Ireland Humperdinck, Hansel and Gretel: Soloists, Chorus and Ensemble of Irish National Opera / Richard Peirson (conductor), Abbey Theatre, Dublin, 15.2.2020. (RB)
Directors – Muireann Ahern & Louis Lovett
Set & Costume designer – Jamie Vartan
Lighting designer – Sarah Jane Shiels
Video designer – Jack Phelan
Hansel – Raphaela Mangan
Gretel – Amy Ní Fhearraigh
Mother – Miriam Murphy
Father – Ben McAteer
Witch – Carolyn Dobbin
Sandman/Dew Fairy – Emma Nash
The Night Watchman – Raymond Keane
Lost Children: Young Hansel – Ronan Millar, Young Gretel – Amelie Metcalfe
Irish National Opera have joined forces with the Abbey Theatre and Theatre Lovett to bring Humperdinck’s fairy-tale opera winningly to life in this splendid new production. Hansel and Gretel was first performed in Weimar on 23 December 1893 under the baton of Richard Strauss. It was staged in Hamburg the following year this time with Gustav Mahler at the helm. It has remained one of the most popular works in the repertoire ever since: the Royal Opera House chose it for their first complete radio broadcast in 1923. This production was also a first for directors Muireann Ahern and Louis Lovett, who confessed in the programme notes that they had never directed a full-length opera before.
Ahern and Lovett have dispensed with Humperdinck’s medieval forest setting and replaced it with a hotel. We initially see the family and assorted guests gathering in the foyer of the Forest Edge Hotel. Hansel and Gretel find themselves lost in the haunted woods bar before they encounter the Witch at the wickedly rich kitchen. The hotel foyer was dark and shabby and an old style elevator with a cage dominated the set. This was subsequently transformed into the Witch’s oven in the third act. Flickering tacky neon signs gave the production a noir feel while highlighting where the action was taking place. A mobile kiosk straight from 1930s cinema was the hotel’s reception desk while a fridge in the wickedly rich kitchen became the witch’s gingerbread house. Jamie Vartan’s costumes seemed to come from the early part of the twentieth Century with plain greys representing the frugality of the times. The Witch was initially dressed in a stereotypical black hat and cape before changing into a chef’s outfit. The Abbey Theatre does not have a pit and is unable to accommodate a full-scale orchestra so a small band of instrumentalists sat at the side of the stage throughout.
Last year’s production of The Magic Flute at Glyndebourne set Mozart’s elaborate fairy tale in the Hotel Sacher in Vienna, so there are certainly precedents for a hotel setting. Ahern and Lovett’s setting was certainly inventive and Jamie Vartan’s gloomy sets and costumes conjured up the down at heel times and the darkness of the tale. The hotel setting also gave the story a modern twist. All too often we hear stories of homeless, out of work families being placed in squalid hotels or guest houses which are entirely inappropriate for children. However, I struggled with the idea of the children getting lost in the haunted woods bar or a wicked witch baking children in the hotel kitchen, so the concept did not entirely work for me.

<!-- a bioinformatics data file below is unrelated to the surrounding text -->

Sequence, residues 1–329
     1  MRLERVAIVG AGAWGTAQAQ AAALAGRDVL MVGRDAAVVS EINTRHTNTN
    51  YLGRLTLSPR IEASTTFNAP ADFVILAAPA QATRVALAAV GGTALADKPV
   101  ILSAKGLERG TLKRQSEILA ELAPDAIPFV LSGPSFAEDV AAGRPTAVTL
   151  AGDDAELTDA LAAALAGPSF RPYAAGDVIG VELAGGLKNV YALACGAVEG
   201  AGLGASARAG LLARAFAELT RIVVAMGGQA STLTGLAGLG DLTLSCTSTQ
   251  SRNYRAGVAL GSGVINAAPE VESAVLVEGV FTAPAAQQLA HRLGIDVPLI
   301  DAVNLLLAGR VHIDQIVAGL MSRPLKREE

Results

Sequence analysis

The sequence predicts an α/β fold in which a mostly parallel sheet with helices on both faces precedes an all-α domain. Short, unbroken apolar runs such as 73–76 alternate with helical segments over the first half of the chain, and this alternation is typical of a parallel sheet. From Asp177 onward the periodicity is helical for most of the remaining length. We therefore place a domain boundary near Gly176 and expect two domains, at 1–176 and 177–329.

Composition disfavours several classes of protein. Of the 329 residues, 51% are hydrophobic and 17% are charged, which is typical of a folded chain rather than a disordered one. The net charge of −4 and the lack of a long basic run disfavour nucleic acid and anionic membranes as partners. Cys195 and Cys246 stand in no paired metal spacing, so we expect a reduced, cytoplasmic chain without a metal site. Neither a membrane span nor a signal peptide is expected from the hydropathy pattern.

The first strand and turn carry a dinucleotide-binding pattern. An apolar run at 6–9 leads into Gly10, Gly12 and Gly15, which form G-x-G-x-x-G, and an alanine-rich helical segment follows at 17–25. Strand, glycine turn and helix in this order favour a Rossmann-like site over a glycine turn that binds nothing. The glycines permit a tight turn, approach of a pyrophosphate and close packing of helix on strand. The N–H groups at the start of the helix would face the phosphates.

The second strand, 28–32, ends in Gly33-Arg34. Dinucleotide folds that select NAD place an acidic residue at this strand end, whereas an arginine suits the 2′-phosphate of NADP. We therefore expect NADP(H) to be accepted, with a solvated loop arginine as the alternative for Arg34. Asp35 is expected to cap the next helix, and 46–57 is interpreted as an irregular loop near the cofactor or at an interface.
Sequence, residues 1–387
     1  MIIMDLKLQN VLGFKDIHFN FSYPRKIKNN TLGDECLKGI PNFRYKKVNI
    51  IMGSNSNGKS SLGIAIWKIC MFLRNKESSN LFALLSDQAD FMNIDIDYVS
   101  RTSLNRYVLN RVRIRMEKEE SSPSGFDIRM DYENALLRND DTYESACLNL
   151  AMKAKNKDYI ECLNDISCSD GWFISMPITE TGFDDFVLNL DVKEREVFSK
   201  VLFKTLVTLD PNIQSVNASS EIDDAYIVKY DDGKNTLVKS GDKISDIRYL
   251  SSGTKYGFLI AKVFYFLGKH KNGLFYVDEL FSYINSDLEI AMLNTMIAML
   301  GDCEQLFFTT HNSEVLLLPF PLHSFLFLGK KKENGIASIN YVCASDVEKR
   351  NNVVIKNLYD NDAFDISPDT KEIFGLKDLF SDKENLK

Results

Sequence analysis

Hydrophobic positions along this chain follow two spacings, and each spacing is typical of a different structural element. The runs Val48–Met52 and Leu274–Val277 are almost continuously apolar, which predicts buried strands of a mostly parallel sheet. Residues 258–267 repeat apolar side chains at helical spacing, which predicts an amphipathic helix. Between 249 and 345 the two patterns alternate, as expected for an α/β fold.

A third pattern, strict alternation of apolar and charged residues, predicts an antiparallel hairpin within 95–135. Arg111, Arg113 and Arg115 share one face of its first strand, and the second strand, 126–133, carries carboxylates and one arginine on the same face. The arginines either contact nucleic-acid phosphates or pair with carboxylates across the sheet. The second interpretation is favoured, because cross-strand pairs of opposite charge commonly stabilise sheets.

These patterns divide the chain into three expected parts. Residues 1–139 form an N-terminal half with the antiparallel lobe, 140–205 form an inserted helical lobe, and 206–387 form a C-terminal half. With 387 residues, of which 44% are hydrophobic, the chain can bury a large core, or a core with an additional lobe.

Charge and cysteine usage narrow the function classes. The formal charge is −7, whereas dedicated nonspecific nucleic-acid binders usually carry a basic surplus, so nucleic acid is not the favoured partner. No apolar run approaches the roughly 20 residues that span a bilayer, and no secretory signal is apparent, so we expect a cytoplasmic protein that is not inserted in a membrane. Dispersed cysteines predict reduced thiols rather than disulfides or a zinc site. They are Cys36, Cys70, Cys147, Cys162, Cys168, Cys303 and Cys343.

The cast gave strong performances throughout. Amy Ní Fhearraigh captured brilliantly the carefree delight of Gretel in the first half with her childish dancing, and she showed considerable acting flair in the scene where she was immobilised by the witch’s spell. The vocal line was smooth and seamless and the songs beautifully characterised. Raphaela Mangan’s Hansel was a mix of boyish impetuousness and bravado and the vocal line was well handled. Carolyn Dobbin’s Witch was a camp, fun-loving character who gleefully splashed culinary ingredients around in her white chef’s outfit. Her performance of the Witch’s aria was superb and deservedly greeted with enthusiastic applause.
Ben McAteer and Miriam Murphy both gave accomplished performances as the Mother and Father. McAteer’s singing was strong and virile and he portrayed the protective Father well. Murphy’s comic timing was excellent and I enjoyed the scene where she showed up with a burger and chicken nuggets. However, her tone sounded a little forced at times particularly in the upper vocal register. Emma Nash’s Dew Fairy added to the enchantment of the evening by giving a luminous performance of her Act I aria, assisted by Raymond Keane’s silent Night Watchman who communicated using movement and mime.
Raymond Peirson conducted from the piano and he and his small band of instrumentalists did a terrific job conjuring up Humperdinck’s orchestral sonorities. The balance of sound was impeccable and they provided sterling support to the singers. They successfully produced an impressive range of orchestral textures and colours in the big set piece numbers such as the overture and the Witch’s ride. Having said that, it was not always possible them for them to reproduce the rich opulence of Humperdinck’s Wagnerian score but you really do need a full orchestra to do this.
Overall, this was a first rate and hugely enjoyable performance of one of the great staples of the repertoire.